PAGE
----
Mr Smith said the Biden administration had to consider whether it was wrong to compensate news for the benefits tech giants receive from content.
“Facebook and Google persuaded the Trump Administration to object to Australia’s proposal,” he said. “But as the United States takes stock of the [US Capitol attack] on January 6, it’s time to widen the aperture.
Mr Smith endorsed the proposed media bargaining laws last week and told The Sydney Morning Herald and The Age it would increase investment in its local search engine Bing to fill the void created if Google followed through with a threat to turn off its search engine in Australia.
The endorsement prompted a call between Prime Minister Scott Morrison and Google boss Sundar Pichai and a flurry of last minute negotiations between the tech giants and news outlets.
The blog post, published on Friday morning (AEDT), was released after news outlets across the US, Canada and the European Union asked if Microsoft would support similar laws in other jurisdictions.
Under the most recent proposal, the code will force Google and Facebook into binding commercial agreements to pay Australian news providers for the ability to display news content in newsfeeds and search results. Failure to do so could cost the companies fines of up to 10 per cent of annual revenues.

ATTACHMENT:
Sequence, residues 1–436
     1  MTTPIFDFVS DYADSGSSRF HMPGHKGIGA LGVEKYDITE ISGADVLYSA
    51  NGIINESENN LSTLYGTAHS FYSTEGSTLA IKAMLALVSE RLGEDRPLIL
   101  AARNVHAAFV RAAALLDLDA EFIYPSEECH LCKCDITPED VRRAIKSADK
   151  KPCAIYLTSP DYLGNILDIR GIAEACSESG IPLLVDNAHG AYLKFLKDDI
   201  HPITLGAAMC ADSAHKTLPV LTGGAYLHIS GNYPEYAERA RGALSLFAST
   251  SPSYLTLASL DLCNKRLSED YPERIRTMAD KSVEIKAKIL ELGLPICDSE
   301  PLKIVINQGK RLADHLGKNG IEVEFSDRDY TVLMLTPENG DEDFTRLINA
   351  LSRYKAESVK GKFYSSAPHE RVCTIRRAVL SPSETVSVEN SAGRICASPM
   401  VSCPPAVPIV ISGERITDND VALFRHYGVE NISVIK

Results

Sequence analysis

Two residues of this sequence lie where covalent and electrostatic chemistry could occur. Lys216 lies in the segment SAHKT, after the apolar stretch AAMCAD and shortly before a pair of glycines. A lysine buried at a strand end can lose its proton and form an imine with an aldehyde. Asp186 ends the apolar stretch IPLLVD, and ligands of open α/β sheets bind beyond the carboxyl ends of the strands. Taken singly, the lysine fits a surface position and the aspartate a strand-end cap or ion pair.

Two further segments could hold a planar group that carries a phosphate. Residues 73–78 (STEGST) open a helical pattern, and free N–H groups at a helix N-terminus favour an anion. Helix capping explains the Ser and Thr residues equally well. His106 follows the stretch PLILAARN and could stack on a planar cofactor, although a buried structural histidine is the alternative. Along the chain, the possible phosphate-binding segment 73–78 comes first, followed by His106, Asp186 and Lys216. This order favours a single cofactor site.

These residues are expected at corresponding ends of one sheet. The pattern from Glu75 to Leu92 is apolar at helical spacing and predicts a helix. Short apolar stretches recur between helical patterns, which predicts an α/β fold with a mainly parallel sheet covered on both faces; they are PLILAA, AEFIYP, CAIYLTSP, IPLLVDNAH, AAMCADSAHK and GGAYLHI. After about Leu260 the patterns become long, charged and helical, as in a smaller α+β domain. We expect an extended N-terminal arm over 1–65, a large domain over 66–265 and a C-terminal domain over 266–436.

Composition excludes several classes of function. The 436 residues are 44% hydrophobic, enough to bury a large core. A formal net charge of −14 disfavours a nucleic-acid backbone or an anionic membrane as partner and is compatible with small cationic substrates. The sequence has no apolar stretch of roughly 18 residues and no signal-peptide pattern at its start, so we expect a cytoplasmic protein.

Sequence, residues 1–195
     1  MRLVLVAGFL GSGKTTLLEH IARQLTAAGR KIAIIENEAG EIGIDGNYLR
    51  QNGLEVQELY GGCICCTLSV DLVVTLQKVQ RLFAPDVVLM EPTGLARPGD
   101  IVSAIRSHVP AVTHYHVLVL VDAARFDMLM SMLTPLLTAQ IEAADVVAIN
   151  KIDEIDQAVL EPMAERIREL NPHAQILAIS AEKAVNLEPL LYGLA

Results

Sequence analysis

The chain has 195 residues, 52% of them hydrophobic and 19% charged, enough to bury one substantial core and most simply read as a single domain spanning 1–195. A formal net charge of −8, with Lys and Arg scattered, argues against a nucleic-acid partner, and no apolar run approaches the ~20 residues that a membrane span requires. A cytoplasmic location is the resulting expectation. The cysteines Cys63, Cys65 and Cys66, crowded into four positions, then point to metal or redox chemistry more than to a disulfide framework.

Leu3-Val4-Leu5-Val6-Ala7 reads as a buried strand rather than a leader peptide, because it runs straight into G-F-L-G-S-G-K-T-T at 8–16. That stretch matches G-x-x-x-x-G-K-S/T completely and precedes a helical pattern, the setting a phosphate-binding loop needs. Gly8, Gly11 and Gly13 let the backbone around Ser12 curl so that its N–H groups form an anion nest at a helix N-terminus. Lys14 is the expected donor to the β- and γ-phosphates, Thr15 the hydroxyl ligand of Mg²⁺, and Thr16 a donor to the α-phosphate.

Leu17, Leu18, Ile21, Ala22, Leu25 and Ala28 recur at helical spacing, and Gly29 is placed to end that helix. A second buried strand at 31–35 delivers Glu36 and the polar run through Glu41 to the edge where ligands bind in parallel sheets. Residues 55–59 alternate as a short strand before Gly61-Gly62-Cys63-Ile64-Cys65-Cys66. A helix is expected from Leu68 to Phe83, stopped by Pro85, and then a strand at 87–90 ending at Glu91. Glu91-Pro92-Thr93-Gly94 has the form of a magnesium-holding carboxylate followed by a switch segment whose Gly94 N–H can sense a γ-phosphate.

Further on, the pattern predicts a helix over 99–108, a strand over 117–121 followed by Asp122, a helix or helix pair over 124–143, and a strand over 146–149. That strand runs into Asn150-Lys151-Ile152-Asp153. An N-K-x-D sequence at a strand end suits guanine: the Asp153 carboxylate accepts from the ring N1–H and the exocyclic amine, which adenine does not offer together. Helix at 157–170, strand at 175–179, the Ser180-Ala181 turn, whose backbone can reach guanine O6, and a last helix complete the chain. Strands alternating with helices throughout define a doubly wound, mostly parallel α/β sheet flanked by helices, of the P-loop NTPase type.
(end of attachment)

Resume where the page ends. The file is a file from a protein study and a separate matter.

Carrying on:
The Morrison government has signalled it wants to move swiftly to pass the code, with a draft parliamentary schedule indicating the bill could be debated in the Senate as early as Tuesday.
Microsoft is not currently subject to the code, but Mr Smith said it would be prepared to sign up if it was required to and also said it had the financial muscle to afford the payments.
Executives from Google and Facebook said last month the bill was “unworkable” but local media companies such as News Corp Australia, Nine Entertainment Co (owner of this masthead) and Guardian Australia are advocating for the code to be legislated immediately.
“As the 21st century began, the internet eroded the news business as dotcoms like Craigslist disrupted advertising revenue, news aggregators lured away readers, and search engines and social media giants devoured both,” Mr Smith wrote in the blog post. “The cure will likely require multiple medicines. But part of an innovative prescription has emerged from halfway around the world.”
“The United States should not object to a creative Australian proposal that strengthens democracy requiring tech companies to support a free press. It should copy it instead.”